A heart attack or stroke may seem like a sudden event, but it’s actually not. It the culmination of a slow-developing disease that includes several degenerative processes, such as clogging your arteries.
Because fat makes up much of the material in arterial clogs, it was thought that having a high fat diet was the cause of clogged arteries. But previous research hasn’t demonstrated the strong correlation between diet and arterial clogs. And now research is suggesting that the source of artery-clogging fat may actually be oral bacteria.
This would be another mechanism that would explain how gum disease could cause heart disease.
A Distinctive Kind of Fat
So how did these researchers track down the source of fat in arterial clogs? They identified a unique kind of fat that’s linked to oral bacteria.
All fats are composed of fatty acids, which link together to form fat molecules. In mammals and plants, these fatty acids are typically made of long single chains. But in bacteria, these chains can be branched, creating a distinctive structure.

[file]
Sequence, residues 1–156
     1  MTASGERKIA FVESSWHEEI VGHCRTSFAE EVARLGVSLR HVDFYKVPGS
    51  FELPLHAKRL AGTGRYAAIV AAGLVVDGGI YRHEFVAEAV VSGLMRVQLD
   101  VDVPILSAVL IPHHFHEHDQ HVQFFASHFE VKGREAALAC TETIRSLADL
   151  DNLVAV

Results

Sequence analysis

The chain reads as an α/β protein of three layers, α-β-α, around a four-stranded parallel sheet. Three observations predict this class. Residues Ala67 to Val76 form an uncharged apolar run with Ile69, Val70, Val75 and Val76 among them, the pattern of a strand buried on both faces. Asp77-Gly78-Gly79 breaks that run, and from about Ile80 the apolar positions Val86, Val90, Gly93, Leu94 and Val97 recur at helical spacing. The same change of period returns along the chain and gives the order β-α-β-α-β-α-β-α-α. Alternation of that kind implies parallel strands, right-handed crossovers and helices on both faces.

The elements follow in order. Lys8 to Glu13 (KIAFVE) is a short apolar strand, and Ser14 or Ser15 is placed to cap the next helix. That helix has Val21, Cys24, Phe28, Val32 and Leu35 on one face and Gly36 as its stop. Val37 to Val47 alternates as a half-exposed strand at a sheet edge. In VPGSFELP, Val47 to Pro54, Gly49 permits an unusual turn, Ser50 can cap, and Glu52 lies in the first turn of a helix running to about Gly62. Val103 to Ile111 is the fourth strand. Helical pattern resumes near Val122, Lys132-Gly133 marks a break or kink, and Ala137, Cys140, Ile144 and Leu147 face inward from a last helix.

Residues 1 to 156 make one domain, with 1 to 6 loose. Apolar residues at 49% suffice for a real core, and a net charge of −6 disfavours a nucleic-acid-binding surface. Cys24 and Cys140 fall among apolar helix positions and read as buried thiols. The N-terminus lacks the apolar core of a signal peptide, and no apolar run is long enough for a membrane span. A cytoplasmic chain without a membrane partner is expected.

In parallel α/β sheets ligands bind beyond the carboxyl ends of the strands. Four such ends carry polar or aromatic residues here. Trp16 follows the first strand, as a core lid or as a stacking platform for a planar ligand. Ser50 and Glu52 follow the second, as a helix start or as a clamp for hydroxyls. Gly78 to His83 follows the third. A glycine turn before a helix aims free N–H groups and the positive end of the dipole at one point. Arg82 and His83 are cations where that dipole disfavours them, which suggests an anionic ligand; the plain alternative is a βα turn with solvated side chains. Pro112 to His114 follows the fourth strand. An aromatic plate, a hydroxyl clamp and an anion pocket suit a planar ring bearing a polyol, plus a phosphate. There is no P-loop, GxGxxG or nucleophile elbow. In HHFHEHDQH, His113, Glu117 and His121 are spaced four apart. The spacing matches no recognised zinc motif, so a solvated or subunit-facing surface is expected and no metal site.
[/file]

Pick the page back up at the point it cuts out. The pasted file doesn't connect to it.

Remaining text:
These branched fatty acids are often linked to particular kinds of bacteria, called Bacteroides, which are commonly found in the gut, but can also participate in gum disease. Bacteroides are a notable source of these branched fats because the bacteria are constantly shedding fat, which can make its way from the mouth into the bloodstream.
A Triple Whammy for Your Arteries
Once this distinctive fat is in your arteries, it can also be particularly damaging. There is not one but three mechanisms that cause this fat to contribute to clogged and hardened arteries.
First, the fat sticks together to form the physical clog. Clogs in your bloodstream can contribute to high blood pressure, and they can break loose to create blockages in your veins, which causes a stroke or heart attack.
In addition, your body knows these strange fats don’t belong in your body. That means they trigger your immune system to be on alert, which leads to inflammation, which can also stress your heart and increase the risk of narrow or clogged blood vessels.
And as these strange fats break down, they release more inflammatory compounds, triggering an even greater immune response.
With this complex array of causes, these strange fats could significantly increase your risk of heart attack or stroke.
Protect Your Teeth and Your Heart
The more we learn about the strong connection between gum disease and heart disease, the better we understand how important it is to maintain your oral health. Gum disease is not just the leading cause of tooth loss among adults, it may also be the leading cause of cardiovascular problems.